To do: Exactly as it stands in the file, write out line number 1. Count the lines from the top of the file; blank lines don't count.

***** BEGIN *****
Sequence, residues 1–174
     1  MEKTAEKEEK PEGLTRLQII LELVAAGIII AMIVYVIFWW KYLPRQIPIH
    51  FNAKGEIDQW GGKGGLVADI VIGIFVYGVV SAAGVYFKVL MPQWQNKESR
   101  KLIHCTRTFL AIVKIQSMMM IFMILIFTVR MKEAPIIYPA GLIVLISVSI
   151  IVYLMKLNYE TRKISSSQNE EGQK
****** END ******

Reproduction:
Sequence, residues 1–174